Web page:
The world is still far behind on gender equality issues related to climate change. This single fact replicates exclusion on many aspects that are important in the lives of women and girls in view of development. For a sector like tourism, which is behind climate change research by about 10 years, there could be serious implications in terms of equity and justice for tourism dependent communities. Exclusion is also a red flag beckoning a slow or zero pace towards achieving some targets in the Sustainable Development Goals (SDGs).
The SDG Gender index by Equal Measures 2030, shows that Sub Saharan Africa recorded a very poor score on climate action indicators expressed in terms of affinity to gender equality. These scores were arrived at after an assessment of three main indicators; 1)country’s implementation of the UN Framework Convention on Climate Change, looking at the extent to which a country’s delegation to the UN climate negotiations is gender balanced; 2) country’s commitment to disaster risk reduction, by promoting mechanisms to raise capacity for planning and management, including focusing on women, youth, and local marginalized communities; and, 3) climate vulnerability score, where poverty and livelihood dependence on natural resources intensifies vulnerabilities of women.
In Eastern Africa, Tanzania and Ethiopia did well on disaster risk management, on the contrary this was the weakest link for countries like Kenya, Rwanda and Uganda. A strength across the countries in Sub Saharan Africa, is that women representation in climate change process was enhanced. On the other hand, the vulnerability score is an area where Sub Saharan Africa countries have ample room for improvement. If not, this can be particularly worrying, especially for key economic sectors like tourism, currently under the threat of climate change. Consequential impacts of climate change, threaten stability of countries dependent on tourism income. In the region, key tourism products are often nature-based and outdoors, thus especially vulnerable to a changing climate.
As more women in Sub Saharan Africa are increasingly engaged in tourism for their livelihood support, climate threats to the sector mean socio ecological vulnerabilities for them. However, the sector has been slow in taking control of this threat, at times viewed as a dormant risk. Climate vulnerabilities for tourism-based livelihoods, have their spillover effects spanning across diverse occupations held by women in tourism today. These effects range from exposure to fluctuating demands of international tourist numbers, to eroding of key resources that support product development, which have direct socio-economic consequences. Beyond rate of exposure to risk, building adaptive capacity is a crucial factor in cushioning vulnerable groups from harsh impacts of climate change. Financing has been considered as an important factor in building adaptive capacity, yet, only a paltry 0.01% climate finance projects tackle both issues of climate change and gender. This raises concern on the levels of susceptibility for women to climate impacts. There could also be questions of mal adaptation, if adaptation strategies do not incorporate women.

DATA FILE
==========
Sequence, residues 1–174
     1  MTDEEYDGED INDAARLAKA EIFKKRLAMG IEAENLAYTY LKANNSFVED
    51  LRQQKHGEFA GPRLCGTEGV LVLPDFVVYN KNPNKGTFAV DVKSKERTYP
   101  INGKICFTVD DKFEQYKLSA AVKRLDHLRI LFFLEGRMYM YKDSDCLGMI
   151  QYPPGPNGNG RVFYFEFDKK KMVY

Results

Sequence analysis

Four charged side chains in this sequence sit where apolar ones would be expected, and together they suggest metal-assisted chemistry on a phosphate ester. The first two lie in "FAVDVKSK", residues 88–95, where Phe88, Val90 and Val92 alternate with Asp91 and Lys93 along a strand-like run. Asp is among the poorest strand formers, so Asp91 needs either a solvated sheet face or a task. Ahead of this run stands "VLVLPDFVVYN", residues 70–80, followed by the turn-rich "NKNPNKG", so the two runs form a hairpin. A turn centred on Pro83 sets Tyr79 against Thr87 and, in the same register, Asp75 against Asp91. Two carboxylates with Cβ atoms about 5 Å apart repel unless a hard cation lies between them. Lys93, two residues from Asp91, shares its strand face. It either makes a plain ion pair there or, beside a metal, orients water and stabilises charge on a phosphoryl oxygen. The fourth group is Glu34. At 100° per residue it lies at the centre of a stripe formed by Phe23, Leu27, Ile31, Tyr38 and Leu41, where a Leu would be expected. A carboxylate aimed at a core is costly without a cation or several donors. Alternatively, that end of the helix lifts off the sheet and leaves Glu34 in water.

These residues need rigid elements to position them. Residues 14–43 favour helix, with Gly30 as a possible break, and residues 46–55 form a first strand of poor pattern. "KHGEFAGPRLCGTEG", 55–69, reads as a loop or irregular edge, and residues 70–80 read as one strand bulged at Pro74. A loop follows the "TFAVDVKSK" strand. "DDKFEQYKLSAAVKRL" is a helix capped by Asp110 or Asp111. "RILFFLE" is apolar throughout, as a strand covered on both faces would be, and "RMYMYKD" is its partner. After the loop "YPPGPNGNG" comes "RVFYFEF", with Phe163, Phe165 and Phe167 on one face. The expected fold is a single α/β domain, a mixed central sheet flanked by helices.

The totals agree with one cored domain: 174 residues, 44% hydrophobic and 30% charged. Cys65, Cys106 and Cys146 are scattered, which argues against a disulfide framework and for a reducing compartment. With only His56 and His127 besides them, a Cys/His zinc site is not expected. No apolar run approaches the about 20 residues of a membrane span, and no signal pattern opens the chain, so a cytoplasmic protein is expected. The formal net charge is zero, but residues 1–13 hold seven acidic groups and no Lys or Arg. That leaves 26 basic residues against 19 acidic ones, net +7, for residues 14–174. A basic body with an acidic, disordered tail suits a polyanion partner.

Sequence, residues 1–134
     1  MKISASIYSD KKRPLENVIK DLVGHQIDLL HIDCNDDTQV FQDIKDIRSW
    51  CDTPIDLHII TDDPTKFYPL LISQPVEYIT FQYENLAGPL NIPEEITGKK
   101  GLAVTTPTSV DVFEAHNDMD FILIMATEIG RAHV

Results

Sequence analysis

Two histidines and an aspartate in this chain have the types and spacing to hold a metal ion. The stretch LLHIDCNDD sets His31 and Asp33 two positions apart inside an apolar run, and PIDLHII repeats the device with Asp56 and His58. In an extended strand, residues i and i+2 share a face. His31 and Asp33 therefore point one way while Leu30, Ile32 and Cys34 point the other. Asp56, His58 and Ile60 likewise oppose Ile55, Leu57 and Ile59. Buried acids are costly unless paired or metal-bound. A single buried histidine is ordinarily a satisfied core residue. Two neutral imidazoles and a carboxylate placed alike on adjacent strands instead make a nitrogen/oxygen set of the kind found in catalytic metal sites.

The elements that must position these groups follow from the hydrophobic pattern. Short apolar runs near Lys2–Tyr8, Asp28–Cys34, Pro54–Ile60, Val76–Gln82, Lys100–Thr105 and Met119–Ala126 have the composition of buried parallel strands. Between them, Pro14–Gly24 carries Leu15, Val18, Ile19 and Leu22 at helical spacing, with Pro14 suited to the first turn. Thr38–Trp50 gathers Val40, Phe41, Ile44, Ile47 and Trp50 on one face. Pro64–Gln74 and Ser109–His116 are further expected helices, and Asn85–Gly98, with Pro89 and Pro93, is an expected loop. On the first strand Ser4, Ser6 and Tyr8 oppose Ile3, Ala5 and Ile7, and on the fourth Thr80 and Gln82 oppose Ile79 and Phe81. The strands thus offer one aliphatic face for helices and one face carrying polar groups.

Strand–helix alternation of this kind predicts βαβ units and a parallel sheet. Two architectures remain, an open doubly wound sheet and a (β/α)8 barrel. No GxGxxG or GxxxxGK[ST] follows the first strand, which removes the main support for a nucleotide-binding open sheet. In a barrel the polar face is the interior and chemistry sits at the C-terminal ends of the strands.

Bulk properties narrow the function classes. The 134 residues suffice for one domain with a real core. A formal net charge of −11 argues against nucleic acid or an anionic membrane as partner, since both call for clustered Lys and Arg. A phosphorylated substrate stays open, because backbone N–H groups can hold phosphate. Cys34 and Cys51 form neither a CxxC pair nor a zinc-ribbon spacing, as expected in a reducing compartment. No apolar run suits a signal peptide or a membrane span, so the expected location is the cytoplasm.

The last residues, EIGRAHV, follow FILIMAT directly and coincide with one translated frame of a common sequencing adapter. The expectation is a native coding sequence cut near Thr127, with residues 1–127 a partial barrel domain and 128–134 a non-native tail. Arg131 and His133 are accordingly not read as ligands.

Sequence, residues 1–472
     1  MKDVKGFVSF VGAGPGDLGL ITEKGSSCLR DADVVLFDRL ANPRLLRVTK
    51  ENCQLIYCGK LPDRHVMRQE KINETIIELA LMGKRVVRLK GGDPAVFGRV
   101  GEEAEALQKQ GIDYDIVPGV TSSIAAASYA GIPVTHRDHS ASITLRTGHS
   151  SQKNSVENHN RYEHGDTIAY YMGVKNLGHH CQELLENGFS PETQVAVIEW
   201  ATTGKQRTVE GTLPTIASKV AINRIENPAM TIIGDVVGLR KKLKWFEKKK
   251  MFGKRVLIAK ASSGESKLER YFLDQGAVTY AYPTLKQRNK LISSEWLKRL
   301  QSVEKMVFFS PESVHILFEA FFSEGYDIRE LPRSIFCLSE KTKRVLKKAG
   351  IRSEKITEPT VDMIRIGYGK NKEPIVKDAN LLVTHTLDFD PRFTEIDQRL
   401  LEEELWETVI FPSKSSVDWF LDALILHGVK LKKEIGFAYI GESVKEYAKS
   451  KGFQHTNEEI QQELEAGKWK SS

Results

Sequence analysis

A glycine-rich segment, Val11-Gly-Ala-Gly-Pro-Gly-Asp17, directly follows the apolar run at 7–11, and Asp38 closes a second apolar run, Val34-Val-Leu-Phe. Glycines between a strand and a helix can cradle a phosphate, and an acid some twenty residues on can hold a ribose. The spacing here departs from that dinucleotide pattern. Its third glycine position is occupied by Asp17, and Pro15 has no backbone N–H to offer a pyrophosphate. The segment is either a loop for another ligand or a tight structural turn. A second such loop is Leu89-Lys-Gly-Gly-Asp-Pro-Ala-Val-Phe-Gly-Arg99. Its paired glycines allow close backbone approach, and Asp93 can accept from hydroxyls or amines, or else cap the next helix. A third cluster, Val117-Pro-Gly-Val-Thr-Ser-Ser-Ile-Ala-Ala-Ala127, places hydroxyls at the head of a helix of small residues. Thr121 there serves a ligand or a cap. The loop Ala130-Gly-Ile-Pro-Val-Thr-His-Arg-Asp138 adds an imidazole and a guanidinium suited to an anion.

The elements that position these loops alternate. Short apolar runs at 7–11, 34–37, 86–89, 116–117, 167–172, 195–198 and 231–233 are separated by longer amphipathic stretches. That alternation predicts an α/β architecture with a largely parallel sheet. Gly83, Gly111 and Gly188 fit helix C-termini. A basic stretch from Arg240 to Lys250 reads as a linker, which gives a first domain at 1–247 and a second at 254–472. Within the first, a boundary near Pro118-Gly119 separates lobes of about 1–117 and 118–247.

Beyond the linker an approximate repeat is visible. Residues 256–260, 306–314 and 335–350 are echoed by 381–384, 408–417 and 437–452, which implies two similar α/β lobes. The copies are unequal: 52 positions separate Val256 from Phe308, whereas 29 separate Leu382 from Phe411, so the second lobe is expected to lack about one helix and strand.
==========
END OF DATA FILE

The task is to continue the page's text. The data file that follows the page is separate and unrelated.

By excluding women in climate strategies, we remain indifferent to effectively responding to climate change. For the countries in sub-Saharan Africa which have lower levels of gender equality, incorporating gender in climate action can increase effectiveness as well as equity. This is why our climate responses in tourism need the specificity of being responsive to concerns of women, youth and the marginalized. Deliberation can play an important role to incorporate gender perspectives into tourism resilience planning. Climate change is not a dormant risk for women in Tourism in Sub Saharan Africa. It is an actual risk, with socio economic, among other consequences.
Figure 1: Climate vulnerability score in Sub- Saharan Africa, 2017.
Source: Equal Measures 2030, 2019 based on ND-GAIN Index, 2017